Church 'genuinely concerned' at prospect of a return to hard Border with North - Martin
The leader of the Catholic Church in Ireland has said he is "genuinely concerned" at the prospect of a return to a hard Border which would risk freedom of movement and "heavily impact Border communities".
Archbishop Eamon Martin of Armagh said the Catholic Church in Ireland, as an all-island institution, wanted "assurances" that movement between Northern Ireland and the Republic would remain the same.
In an interview with 'Vatican Insider', a sister publication of the Italian national 'La Stampa', Dr Martin described himself as "nervous" of Brexit.
"We are genuinely concerned because we do not want what is known as a hard Border," he said.
He said that the Catholic Church in Ireland encompassed the whole island, as did the Irish Bishops' Conference and his own diocese had parishes in Co Armagh and in Co Louth.
"There is no distinction between northern dioceses and southern dioceses. Armagh is my archdiocese where about 60pc of the people are in Northern Ireland, and the remaining 40pc in the Republic," he said.
Paying tribute to the European Union's principles of peace, reconciliation and harmony, the church leader said these had shaped the peace in the North, but he said he was "a bit nervous about the impact that the reconstruction of a Border wall" could have on the peace process.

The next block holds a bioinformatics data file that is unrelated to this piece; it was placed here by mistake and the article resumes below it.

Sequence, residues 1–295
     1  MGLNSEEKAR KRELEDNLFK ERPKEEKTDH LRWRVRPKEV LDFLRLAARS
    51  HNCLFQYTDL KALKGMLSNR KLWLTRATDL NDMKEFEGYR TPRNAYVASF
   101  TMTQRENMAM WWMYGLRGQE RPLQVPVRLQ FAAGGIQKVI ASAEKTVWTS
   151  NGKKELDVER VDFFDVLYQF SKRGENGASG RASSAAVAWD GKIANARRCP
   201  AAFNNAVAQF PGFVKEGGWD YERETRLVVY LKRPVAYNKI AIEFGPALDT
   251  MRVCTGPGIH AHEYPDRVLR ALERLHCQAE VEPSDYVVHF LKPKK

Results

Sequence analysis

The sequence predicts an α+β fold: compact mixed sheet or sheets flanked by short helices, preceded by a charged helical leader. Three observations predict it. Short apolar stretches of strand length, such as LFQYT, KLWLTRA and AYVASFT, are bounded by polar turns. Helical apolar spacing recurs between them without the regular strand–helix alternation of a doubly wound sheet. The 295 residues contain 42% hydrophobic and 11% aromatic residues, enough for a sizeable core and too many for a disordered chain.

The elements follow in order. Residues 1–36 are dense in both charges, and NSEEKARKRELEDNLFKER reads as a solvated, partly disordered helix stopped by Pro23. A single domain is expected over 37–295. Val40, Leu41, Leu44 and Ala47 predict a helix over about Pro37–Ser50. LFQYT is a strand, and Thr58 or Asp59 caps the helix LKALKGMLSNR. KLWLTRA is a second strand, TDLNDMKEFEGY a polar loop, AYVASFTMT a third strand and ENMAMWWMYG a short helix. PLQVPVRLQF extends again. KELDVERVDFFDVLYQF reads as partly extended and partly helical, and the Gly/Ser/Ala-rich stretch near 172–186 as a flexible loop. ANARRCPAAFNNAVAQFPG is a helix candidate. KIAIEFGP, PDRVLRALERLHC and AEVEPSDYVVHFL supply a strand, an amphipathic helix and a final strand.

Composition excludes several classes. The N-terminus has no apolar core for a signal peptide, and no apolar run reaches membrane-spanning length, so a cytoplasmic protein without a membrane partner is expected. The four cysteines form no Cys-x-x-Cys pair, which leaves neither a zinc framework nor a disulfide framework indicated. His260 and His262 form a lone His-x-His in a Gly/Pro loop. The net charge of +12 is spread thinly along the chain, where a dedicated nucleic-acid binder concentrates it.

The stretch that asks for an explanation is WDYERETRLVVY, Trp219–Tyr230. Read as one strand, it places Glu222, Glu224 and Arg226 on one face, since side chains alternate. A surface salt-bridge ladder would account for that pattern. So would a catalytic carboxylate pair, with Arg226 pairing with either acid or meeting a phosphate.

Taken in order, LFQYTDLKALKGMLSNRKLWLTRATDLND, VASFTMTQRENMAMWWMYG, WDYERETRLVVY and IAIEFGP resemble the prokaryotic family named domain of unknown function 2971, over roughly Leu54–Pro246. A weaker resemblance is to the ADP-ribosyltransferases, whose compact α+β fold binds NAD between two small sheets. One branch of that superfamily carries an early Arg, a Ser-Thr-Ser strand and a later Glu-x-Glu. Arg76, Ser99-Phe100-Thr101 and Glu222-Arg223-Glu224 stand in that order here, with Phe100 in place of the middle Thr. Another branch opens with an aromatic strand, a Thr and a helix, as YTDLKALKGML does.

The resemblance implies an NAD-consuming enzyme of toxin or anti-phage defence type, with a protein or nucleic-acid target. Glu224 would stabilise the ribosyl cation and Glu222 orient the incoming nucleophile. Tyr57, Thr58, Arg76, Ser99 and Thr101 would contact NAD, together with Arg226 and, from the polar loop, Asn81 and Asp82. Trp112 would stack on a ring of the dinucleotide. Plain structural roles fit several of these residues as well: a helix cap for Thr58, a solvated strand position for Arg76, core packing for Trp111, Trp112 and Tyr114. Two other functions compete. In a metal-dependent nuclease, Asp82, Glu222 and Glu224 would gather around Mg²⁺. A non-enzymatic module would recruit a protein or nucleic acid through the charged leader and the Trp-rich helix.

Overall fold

Speaking ahead of this week's elections in Northern Ireland, the Archbishop appealed to the North's politicians not to sacrifice the progress that has been made over the past 20 years, through the Good Friday Agreement, by returning to the old divisions.
On February 22, the bishops of Northern Ireland wrote a document in which they appealed to politicians to reject the temptation to retreat into partisanship in the face of the growing divisions in our political life and the changing status of the UK within the EU. "We want to calm things down," Dr Martin said of the motivation behind the statement amid the divisive electoral climate and "a return to anger".
"We want to say as bishops our firm no to a harsh language and remind our politicians their vocation to work for the common good and exercise their leadership through the careful practice of compromise and agreement," he said.
Asked what he thought the elections might herald, Dr Martin said: "Maybe little will change: Westminster's power devolution will continue while agreements will be reached in Brexit's negotiations. It certainly won't be simple."